DETROIT — General Motors has realigned the responsibilities of two top executives in a move that underscores the importance and immediacy of its work on autonomous vehicles. The change also gives product chief Mark Reuss more direct control over the ongoing revival efforts at Cadillac two months after GM ousted the luxury brand's president for not progressing quickly enough.
GM President Dan Ammann, in relinquishing oversight of Cadillac and its global portfolio planning to Reuss, will have more opportunity to concentrate on the automaker's development and deployment of autonomous technology.
GM views being first to market as a significant competitive advantage for autonomous ride-hailing, which it plans to begin rolling out to the public in 2019, as it pursues a zero-emission, zero-accident and zero-congestion future.
"There's a very, very big business opportunity here, very significant," GM's outgoing CFO, Chuck Stevens, said this year. "In order to get to that business opportunity, the first thing we need to do is to safely deploy the technology at scale. Everything we're doing right now is focused on that."
Ammann, 46, who already was overseeing the autonomous operations, remains president, while Reuss, previously executive vice president of global product development, has the title of executive vice president and president of GM's global product group and Cadillac. But Cadillac President Steve Carlisle, who replaced Johan de Nysschen in April, remains. Carlisle and Sam Basile, who leads global portfolio planning for GM, now report to Reuss, 54.
The shift follows several major announcements in recent months about GM's autonomous work, including a $2.25 billion investment by the SoftBank Vision Fund of Japan. SoftBank will take a 19.6 percent stake in GM's self-driving vehicle operation, valuing GM Cruise at about $11.5 billion. GM bought Cruise Automation in 2016 for a reported $1 billion.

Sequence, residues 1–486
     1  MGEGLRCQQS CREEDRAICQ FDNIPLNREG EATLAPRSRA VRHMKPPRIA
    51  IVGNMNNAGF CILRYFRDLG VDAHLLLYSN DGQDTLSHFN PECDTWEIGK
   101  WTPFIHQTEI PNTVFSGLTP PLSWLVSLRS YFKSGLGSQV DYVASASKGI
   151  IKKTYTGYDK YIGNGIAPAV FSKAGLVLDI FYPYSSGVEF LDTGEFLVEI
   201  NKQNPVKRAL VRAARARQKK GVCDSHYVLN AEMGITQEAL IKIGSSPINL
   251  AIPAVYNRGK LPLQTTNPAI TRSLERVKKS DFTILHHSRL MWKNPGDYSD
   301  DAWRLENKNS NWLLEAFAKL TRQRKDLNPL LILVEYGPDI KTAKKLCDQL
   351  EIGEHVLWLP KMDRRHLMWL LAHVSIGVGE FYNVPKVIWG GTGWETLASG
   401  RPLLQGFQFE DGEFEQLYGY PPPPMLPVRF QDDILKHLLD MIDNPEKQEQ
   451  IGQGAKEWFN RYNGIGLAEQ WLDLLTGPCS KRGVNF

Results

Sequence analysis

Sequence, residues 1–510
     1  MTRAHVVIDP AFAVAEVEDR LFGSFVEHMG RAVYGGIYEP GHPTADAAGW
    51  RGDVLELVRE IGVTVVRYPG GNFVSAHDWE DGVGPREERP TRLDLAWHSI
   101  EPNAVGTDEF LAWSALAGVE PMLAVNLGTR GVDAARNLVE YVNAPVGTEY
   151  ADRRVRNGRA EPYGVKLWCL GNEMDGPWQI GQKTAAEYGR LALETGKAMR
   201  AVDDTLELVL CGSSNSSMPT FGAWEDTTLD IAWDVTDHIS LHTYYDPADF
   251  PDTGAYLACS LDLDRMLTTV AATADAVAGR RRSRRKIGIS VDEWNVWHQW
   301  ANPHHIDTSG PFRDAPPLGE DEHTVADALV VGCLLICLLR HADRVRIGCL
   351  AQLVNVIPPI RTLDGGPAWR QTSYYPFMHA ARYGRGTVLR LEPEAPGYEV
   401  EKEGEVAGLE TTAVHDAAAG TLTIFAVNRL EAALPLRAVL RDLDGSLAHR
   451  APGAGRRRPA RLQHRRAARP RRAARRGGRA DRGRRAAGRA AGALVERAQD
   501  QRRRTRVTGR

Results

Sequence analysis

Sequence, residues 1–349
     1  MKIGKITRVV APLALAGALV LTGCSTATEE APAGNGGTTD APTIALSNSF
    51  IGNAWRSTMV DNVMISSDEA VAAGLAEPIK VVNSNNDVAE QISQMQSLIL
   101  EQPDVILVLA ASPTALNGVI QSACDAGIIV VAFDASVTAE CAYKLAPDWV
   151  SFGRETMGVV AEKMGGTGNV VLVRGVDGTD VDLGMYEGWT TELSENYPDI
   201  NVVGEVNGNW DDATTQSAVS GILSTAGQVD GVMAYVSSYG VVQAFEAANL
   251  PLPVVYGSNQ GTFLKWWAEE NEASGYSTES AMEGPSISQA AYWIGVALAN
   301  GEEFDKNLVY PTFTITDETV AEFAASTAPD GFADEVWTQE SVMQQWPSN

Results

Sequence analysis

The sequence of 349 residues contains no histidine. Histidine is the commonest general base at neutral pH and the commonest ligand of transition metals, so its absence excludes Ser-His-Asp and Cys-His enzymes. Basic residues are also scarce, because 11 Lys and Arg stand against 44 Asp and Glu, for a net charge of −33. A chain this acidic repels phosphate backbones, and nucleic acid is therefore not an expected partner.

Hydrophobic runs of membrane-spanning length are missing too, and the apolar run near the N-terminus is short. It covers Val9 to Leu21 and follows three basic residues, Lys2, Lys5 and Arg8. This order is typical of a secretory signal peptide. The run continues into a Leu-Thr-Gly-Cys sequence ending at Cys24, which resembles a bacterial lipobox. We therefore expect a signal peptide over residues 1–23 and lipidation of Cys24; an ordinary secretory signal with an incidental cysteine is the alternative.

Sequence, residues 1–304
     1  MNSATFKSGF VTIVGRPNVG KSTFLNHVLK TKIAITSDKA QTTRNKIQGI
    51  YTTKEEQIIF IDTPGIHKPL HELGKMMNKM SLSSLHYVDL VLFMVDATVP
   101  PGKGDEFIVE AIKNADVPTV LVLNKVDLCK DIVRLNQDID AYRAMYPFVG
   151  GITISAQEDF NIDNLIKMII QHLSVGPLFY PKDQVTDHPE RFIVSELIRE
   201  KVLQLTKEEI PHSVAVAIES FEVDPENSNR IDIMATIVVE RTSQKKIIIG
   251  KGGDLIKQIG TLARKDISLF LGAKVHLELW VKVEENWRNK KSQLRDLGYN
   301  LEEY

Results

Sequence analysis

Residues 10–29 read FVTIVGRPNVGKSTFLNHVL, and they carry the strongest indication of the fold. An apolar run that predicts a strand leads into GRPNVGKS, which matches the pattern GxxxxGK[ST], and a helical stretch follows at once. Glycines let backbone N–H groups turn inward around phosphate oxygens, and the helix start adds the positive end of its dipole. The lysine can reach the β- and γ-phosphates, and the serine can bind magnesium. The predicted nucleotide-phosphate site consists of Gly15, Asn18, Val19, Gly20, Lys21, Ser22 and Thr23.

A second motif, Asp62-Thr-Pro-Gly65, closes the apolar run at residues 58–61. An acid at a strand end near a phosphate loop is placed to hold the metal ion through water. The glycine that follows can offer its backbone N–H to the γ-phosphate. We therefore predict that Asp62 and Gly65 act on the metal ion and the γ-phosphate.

Ammann, a former Wall Street banker who joined GM as its treasurer in 2010, remains based in Detroit but will spend more time in San Francisco, where Cruise is based. He retains responsibility for GM's other brands, global regions and GM Financial.
The change in responsibilities puts Ammann on track to potentially lead Cruise if GM spins off that operation. Bloomberg News reported last week that GM was talking with banks and internally about its eventual options for Cruise, including a public offering, spinoff or separate stock listing.
"This move gives Dan the time to focus on Cruise to see if a spinoff makes sense," Morningstar analyst David Whiston wrote in an email. "Reuss is a passionate GM car guy and can certainly handle Cadillac, so it makes sense to free up Ammann to focus on mobility services."
At first, the fleet-based services are expected to complement GM's core business. But CEO Mary Barra and other executives have said they see those operations at some point possibly eclipsing its century-old business of building and selling vehicles.
Ammann has said GM expects to bring the cost of operating autonomous ride-hailing vehicles to less than $1 per mile by 2025 — a key to achieving profitability. The current cost of ride-hailing in a city such as San Francisco is more than $3 a mile, according to GM, including paying the driver.